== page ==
When I was growing up, my father stood six feet tall and weighed 300 pounds. I never thought of him as fat, but clearly he was a “large man.” He always reminded me of Raymond Burr, best known for his role as Perry Mason. But it was obvious my mother constantly worried about the toll his weight would exact. It wasn’t a specific comment, she adored my dad, instead it was the way she had him fit a suit “to cover his girth” or the look she gave him when he ate foods that should have been “off limits.” Regardless, he always found a way to eat what he wanted. In that day and age, the house and kids were her domain and she made it abundantly clear her 5 children would never have to deal with this harsh reality. Habits that instilled health and fitness became the priority. A signal my father couldn’t possibly have missed.
He used to tell a story of when he was 8 and on stage in a school play. At one point he was on the edge of the stage and teetered a bit. As he was regaining his balance a women up front cried, “That fat boy is going to fall on me!”
It was meant to be funny, but all I heard was the anguish and heartache he must have suffered his entire life. It didn’t stop him from believing in himself and achieving success, but it must have always been in his head what he believed people really saw or thought. How could this not color his own perceptions?
When I was 20, my parents were invited on a 7 day cruise. Awake hours before my mother, he looked for ways to keep busy. Irony of irony, that’s where he joined a group of early bird risers and started walking a mile every day, after they shared breakfast. He later admitted it was the first time he talked openly about his weight and the impact it had on his life. Why not, they were all strangers, never to meet again. He lost 5 pounds!
Back then physical activities like jogging were just becoming mainstream via James Fixx’s book- The Complete Book of Running. Before this, the idea of running for fun or exercise sounded ludicrous. “Gyms” started popping up in every neighborhood. Once home he joined a local racket ball facility and trimmed down to 200 pounds over the next year.
As an adult my father shared with me his constant battle with weight. It was never easy, he struggled to keep it in check every day. My fondest memories are of the times we shared our lives over a competitive court game and the meal afterwards.
Bill Maher did a despicable tirade against obesity last year, claiming we should bring back shame since it’s a great motivator. He’s wrong. When someone in such power so callously denigrates and attacks a group of people, he does nothing to help but everything to destroy what little has been accomplished. He once lashed out at critics who felt they could shame him for choosing to be single and not have kids. The difference is that is a choice, one he has the absolute right to make. But obesity, as I’ve stated in numerous posts, encompasses far too many contributing factors to blanket all overweight people with shame for “not just fixing the problem.” It‘s inexcusable and callous.
This has to stop. James Corden made a great response:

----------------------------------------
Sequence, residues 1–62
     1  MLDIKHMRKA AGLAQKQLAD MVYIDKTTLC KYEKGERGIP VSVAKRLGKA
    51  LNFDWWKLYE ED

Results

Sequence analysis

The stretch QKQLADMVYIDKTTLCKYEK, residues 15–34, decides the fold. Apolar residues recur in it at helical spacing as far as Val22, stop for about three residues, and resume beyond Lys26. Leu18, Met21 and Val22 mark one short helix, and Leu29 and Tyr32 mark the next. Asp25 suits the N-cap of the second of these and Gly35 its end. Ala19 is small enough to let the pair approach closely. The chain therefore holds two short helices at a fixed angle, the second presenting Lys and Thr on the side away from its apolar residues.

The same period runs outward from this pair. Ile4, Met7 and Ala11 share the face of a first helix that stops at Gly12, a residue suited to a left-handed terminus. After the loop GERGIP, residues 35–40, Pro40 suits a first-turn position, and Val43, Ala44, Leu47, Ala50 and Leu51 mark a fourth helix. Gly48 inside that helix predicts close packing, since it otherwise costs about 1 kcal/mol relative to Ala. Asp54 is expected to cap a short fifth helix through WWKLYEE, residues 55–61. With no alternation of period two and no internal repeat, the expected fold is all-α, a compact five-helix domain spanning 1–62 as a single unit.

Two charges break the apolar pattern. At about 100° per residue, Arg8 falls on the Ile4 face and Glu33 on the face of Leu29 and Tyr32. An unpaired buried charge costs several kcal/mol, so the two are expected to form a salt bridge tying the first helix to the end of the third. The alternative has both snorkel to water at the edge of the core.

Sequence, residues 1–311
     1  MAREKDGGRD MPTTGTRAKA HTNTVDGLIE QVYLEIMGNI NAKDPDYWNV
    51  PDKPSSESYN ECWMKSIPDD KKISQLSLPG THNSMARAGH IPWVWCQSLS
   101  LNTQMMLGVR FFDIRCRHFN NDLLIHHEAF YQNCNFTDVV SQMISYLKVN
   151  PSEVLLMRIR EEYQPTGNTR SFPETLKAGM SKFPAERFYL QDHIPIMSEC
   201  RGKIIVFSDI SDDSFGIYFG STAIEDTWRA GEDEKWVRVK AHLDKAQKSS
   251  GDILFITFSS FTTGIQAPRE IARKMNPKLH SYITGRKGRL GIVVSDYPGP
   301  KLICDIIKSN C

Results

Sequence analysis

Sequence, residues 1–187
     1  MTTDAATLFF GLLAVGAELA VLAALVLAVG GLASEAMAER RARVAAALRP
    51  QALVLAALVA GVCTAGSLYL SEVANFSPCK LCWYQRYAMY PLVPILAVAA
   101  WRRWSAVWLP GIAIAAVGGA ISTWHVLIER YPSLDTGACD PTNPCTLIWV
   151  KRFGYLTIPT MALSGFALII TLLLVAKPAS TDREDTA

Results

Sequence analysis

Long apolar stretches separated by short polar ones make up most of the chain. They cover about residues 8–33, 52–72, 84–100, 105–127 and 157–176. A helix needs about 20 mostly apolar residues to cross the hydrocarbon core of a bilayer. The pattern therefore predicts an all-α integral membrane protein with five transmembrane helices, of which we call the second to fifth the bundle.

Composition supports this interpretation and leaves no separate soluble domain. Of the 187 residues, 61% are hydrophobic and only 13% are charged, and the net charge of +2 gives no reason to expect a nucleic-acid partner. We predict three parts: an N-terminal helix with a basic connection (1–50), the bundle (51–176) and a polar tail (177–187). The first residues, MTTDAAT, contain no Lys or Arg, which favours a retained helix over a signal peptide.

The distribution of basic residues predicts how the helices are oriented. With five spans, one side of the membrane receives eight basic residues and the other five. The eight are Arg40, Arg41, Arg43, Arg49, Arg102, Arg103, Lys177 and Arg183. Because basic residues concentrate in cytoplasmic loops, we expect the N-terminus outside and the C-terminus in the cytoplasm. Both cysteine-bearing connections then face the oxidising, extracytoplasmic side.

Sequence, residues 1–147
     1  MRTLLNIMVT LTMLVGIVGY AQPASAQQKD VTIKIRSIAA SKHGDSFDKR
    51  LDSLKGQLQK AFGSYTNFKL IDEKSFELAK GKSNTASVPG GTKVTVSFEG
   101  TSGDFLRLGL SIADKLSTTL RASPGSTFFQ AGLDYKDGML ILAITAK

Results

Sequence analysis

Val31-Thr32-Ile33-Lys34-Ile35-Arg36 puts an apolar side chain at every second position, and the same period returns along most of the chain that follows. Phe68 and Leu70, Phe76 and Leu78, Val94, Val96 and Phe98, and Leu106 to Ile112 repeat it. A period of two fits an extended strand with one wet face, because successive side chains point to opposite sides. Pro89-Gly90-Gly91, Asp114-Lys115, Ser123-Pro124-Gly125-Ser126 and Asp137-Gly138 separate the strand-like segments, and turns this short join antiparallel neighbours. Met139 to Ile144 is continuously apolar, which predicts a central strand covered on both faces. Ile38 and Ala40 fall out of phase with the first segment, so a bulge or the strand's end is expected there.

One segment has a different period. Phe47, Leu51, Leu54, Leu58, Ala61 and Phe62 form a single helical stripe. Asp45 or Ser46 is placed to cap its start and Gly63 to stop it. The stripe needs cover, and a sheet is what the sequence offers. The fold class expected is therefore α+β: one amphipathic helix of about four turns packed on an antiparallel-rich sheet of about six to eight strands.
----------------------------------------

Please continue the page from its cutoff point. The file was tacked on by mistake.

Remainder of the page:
As he so beautifully put it, “while worrying what others put in their mouth let’s be better at what comes out of our own.”
Shaming is never the answer. If it was, every child bullied and shamed growing up would be fit and slim today! Those who are obese are their own worst critics, they don’t need the additional slams. Study after study shows shame and being told obesity is nothing more than a personal failing that shrinks our GDP, strains our health care system and work force just sabotages healthy life-style changes. It’s an excuse to bully overweight people in one sentence and then inform them in the next that you are doing it for their own good.
That’s why the fear of becoming heavy, or staying that way, drives Americans to spend more on dieting every year. Forty-five percent of adults say they’re preoccupied with their weight some or all of the time- an 11-point rise since 1990. Nearly half of 3- to 6- year old girls say they worry about being fat!
A 2017 analysis of 33 studies on weight stigma found that people experiencing consistent shaming were more likely to have depression, anxiety, eating disturbances and disorders, high cortisol (stress hormone) levels, and other biomarkers of high stress. They had low self-esteem and were more likely to binge eat. And the greater the stigma felt, the worse their health status.
Too many factors impact weight, not just diet and exercise– poverty and access to healthy foods, genetics, circadian rhythms, sleep, the perception of body image based on those you socialize with, and those pesky hormones we’ve discussed. For example, losing just 3 percent of your body weight results in a 17 percent slowdown in metabolism, which then causes the release of hunger hormones. Keeping weight off means choreographing a complex dance to fight weight gain and hunger every day, for life. This should be encouraged and empowered, not shamed.
Fat shaming didn’t get my dad to lose weight. It wasn’t until a group of like-minded people met by chance, and together they encouraged each other toward their goals. Still, it was painfully clear my father never forgot the words he heard growing up that defined him solely by how he looked. It’s time we all choose what goes in and out of our mouths more judiciously.